Last Fall the Texas Court of Criminal Appeals got some deservedly bad press for allowing the execution of a death row inmate to proceed because the appellate lawyers arrived at the courthouse door 20 minutes late.

Mind you, the defendant had not yet been killed – but his lawyers ran into some problems getting to the courthouse on time, and missed their deadline by twenty minutes. They called beforehand to let the Court know they were on their way, but apparently Sharon Keller was late for happy hour – or something, I forget the exact details – and at 5:20 p.m. they were literally shut out.

So, this morning they decided to fix the problem. They adopted the innocuously titled Miscellaneous Rule 08-101 which moved the deadline for filing a stay of execution or subsequent writ application to 48 hours before 6 p.m. on the scheduled execution date.

Excellent. Sounds like the problem is solved. Unless you take a moment to think about it.

A deadline is a deadline. (If that sounds almost tautological, you got me.)

All the court has done is move the goalpost. You can miss a 6 o’clock Wednesday deadline just as easily as you can miss a 5 o’clock Friday deadline. It’s the same thing.

To be fair, they threw this in:

Special Requirements for Untimely Petitions or Other Motions.

Counsel who seek to file an untimely motion for a stay of execution or who wish to file any other untimely motion requesting affirmative relief in an impending execution case, must attach to the proposed filing a detailed explanation stating under oath, subject to the penalties of perjury, the reason for the delay and why counsel found it physically, legally, or factually impossible to file a timely request or motion.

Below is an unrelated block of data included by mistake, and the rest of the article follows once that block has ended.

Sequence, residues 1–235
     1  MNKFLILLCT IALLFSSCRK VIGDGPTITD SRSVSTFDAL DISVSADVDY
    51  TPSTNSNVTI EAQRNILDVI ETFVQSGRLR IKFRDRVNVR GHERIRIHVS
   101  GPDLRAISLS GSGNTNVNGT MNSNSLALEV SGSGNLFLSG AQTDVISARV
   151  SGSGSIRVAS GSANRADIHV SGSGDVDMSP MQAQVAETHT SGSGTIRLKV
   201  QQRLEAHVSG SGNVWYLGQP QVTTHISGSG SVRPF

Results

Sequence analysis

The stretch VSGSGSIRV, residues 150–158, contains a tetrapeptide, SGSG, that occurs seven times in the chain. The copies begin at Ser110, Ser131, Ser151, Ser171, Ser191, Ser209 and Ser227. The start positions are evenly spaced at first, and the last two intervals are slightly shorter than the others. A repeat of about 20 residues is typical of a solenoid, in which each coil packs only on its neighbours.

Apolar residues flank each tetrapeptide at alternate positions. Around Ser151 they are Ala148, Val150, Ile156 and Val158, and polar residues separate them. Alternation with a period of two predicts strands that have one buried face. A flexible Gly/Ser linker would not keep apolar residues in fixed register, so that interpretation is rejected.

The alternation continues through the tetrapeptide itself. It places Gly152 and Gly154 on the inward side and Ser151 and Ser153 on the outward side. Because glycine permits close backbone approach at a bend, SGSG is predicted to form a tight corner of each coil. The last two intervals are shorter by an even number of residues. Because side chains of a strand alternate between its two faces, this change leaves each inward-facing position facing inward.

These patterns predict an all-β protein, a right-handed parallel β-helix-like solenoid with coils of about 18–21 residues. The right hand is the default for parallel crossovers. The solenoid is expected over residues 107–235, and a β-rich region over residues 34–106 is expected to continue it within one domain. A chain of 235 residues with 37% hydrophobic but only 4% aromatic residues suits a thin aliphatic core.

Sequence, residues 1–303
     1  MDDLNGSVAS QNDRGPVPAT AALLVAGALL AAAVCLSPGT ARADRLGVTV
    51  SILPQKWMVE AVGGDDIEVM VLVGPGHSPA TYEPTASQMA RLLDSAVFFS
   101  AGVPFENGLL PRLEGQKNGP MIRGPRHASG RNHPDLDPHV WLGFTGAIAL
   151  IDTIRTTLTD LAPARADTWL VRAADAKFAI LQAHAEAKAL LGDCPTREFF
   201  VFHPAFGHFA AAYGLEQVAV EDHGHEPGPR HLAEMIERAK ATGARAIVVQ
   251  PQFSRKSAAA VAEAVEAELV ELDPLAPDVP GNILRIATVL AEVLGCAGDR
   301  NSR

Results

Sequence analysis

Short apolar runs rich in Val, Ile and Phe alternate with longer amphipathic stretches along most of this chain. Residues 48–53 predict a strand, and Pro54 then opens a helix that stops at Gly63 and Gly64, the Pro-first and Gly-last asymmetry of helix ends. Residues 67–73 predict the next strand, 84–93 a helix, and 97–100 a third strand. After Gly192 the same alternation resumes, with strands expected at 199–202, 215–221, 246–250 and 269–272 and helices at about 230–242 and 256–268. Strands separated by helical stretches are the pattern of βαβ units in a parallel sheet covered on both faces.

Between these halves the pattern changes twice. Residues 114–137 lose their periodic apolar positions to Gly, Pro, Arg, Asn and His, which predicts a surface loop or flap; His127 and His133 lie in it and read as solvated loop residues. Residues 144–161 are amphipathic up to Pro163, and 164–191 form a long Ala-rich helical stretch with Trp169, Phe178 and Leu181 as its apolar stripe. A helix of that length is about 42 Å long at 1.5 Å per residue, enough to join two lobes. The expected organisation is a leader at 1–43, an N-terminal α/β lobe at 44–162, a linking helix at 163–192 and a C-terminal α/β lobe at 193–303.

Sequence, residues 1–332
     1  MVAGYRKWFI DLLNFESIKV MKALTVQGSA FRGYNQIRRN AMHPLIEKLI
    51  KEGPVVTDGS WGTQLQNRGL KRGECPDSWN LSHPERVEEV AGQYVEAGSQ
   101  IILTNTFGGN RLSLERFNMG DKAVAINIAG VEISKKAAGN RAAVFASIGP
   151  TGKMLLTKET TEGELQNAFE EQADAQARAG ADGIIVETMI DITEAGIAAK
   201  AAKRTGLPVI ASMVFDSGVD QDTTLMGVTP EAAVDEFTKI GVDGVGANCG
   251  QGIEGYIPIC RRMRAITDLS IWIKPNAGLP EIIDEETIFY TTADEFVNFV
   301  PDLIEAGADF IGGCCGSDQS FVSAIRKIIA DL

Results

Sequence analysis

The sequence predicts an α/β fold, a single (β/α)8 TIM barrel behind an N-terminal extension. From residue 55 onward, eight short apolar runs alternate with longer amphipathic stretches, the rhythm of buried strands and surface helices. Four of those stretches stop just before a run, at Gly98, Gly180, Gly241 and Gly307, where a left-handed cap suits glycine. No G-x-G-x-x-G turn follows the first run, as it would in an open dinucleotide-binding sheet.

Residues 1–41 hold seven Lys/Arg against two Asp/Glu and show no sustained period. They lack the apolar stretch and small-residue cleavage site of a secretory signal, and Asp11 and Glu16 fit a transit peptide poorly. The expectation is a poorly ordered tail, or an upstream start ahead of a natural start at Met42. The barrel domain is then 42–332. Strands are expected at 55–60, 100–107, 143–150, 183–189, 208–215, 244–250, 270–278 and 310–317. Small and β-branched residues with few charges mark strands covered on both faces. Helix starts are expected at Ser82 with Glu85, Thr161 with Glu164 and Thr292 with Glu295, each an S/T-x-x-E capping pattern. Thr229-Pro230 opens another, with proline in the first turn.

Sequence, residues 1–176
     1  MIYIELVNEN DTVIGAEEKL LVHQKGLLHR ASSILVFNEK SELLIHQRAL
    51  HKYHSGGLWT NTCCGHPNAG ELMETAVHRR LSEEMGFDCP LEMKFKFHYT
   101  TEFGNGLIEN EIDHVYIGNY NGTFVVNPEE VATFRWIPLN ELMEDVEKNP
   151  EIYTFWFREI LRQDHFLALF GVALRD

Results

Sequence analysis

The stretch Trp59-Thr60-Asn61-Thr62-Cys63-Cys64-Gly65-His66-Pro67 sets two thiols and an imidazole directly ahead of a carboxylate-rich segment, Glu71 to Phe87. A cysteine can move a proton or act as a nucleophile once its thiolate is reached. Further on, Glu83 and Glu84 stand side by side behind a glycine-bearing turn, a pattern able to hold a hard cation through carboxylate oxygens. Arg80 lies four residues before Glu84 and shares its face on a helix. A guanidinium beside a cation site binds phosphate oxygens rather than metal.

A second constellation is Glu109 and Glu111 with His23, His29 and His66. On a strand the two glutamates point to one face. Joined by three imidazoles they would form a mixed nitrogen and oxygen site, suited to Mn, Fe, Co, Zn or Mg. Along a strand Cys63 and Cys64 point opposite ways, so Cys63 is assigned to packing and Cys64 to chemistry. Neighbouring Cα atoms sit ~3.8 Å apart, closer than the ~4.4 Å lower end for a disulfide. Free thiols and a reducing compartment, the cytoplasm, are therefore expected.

Counsel is required to show good cause for the untimely filing.

OK. Admittedly, the fact that death penalty lawyers are now given a few extra hours to explain why they were late might make a difference some time in the future.

But as often as we execute people in Texas, who wants to bet that we will be reading future court decisions that reject a lawyer’s reasons for an untimely appeal because they didn’t prove that it was physciall, legally or factually impossible for them to make it to the Courthouse steps by 6 p.m.?

[Hat Tip: Kiele Linroth Pace for originally posting about the new rule on the Austin Criminal Defense Lawyers ListServ]

  • bozo

    To be fair, the death penalty attorney that was “shut out” had become famous for filing frivilous motions at 4:59pm the day of the execution.

    We don’t execute people with pending motions so either everyone (including support staff) has to work late or the court is forced to grant a stay of execution to respond to the motion.

    He was abusing the rules to his advantage so why should we expect the court to later bend the rules to help him?

  • johnedwin

    Texas’ system is barbarous. What else can be said of a system that fails to sort the innocent from the guilty? What else can be said of a system whose checks and balances focus almost exclusively on whether the process was followed and deadlines met rather than the more important — and moral — questions of innocence and fairness?